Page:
Pregnancy Articles

Vaginal Births & Incontinence: No Relation

Pregnancy News Flash

In a recent article published in Obstetrics & Gynecology, researchers at the University of Rochester Medical Center in New York dispelled the idea that delivering a baby vaginally is associated with urinary incontinence later in life. In fact, their results show that incontinence is more strongly associated with family history than type of delivery.

Vaginal delivery has long been considered a major risk factor for incontinence, which affects approximately 30-50% of women. However, this study says that the practice of scheduling Cesarean deliveries (with the purpose of preventing incontinence later in life) is a practice that has not been proven effective.

The doctors studied pairs of biological sisters. Of each pair, one had delivered at least one child, and the other had not delivered a child at all. Sixty-three percent of the pairs shared incontinence status (either both were incontinent or both were continent), and there was no statistical difference in rates of incontinence between the women who had given birth and those who hadn't.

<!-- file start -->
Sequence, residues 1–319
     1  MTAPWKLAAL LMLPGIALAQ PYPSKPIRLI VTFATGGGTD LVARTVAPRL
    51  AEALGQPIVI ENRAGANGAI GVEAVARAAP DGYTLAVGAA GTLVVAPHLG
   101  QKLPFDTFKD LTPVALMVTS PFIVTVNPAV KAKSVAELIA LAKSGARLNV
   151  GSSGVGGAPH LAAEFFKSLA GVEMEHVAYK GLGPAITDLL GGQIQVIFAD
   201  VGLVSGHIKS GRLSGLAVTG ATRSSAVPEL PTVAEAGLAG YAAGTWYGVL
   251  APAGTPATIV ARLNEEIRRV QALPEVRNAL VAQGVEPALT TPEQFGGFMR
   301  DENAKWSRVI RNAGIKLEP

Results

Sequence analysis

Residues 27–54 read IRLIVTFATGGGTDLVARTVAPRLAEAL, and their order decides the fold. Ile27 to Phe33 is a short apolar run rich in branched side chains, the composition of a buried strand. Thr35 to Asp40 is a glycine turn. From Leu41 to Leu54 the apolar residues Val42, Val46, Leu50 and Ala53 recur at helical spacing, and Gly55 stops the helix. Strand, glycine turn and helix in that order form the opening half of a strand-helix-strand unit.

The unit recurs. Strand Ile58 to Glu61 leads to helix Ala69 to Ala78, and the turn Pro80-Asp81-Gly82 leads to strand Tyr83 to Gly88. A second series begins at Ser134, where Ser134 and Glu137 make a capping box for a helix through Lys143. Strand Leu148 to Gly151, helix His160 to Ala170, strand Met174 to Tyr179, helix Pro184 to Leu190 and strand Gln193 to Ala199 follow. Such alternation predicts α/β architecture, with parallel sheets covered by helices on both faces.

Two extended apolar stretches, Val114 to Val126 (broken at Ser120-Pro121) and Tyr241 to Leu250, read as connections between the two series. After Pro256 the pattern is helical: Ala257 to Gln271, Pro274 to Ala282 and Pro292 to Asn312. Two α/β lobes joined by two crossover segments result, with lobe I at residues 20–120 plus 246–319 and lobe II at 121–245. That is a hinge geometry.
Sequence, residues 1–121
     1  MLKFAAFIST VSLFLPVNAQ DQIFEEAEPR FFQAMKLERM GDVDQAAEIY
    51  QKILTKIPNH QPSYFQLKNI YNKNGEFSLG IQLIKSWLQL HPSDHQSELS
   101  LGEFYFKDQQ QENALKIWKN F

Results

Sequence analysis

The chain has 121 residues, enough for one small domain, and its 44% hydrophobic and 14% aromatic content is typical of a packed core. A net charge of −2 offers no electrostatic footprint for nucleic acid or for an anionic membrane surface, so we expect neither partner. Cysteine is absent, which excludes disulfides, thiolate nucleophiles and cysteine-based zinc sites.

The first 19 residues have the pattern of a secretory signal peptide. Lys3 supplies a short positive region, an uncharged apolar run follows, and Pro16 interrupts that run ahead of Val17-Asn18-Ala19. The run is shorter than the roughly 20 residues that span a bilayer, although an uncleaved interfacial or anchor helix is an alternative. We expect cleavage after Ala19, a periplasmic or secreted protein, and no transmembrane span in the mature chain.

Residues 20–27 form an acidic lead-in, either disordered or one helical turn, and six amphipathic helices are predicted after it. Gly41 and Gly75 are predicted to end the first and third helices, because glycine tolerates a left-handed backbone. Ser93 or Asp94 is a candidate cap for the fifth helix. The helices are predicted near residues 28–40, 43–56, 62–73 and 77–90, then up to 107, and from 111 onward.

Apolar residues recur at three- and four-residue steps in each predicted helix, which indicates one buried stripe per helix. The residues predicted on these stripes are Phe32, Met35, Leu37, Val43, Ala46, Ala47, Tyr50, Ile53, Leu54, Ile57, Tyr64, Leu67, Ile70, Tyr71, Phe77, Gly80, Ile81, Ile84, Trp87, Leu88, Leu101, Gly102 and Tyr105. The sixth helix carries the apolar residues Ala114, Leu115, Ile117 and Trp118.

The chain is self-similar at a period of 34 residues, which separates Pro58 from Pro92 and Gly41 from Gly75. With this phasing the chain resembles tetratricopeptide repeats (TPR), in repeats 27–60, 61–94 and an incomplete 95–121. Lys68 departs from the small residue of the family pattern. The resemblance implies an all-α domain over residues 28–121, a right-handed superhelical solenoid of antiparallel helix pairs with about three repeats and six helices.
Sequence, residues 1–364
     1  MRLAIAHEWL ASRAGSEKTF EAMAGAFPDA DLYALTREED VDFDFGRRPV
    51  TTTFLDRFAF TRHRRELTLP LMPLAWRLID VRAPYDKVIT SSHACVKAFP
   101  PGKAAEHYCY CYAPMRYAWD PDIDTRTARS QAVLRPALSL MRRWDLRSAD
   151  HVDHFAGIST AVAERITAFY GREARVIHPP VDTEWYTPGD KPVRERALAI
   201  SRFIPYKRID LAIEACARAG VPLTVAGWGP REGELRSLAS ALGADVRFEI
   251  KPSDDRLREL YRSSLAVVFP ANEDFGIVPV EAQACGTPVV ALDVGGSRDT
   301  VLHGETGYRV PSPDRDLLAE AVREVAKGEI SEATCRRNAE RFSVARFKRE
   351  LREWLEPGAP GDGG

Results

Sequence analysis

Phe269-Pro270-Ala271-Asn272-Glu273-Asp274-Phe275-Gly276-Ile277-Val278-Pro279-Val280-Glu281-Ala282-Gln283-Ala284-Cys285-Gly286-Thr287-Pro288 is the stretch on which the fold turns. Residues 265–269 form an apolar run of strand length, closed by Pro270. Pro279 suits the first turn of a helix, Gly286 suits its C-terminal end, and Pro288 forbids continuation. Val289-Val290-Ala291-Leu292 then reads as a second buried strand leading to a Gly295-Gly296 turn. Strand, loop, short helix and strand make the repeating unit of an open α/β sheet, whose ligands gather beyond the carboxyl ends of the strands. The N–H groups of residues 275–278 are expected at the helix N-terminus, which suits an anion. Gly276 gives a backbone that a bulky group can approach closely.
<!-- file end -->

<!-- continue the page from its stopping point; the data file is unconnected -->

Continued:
They found that actual risk factors for incontinence tend to run in families, and include body mass index (BMI), hypertension (high blood pressure), and pelvic floor integrity.

BabyFit Tip: While you can't change your genes, you can strengthen the muscles of your pelvic floor, helping prevent incontinence. This is where those infamous Kegels come in! All women, regardless of pregnancy status, should do Kegels every day. Here's how.
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About The Author

Nicole Nichols
Nicole earned her bachelor's degree in health promotion and education, specializing in exercise and fitness, from the University of Cincinnati. She maintains several fitness certifications, including prenatal and postpartum exercise design.
Nicole Nichols

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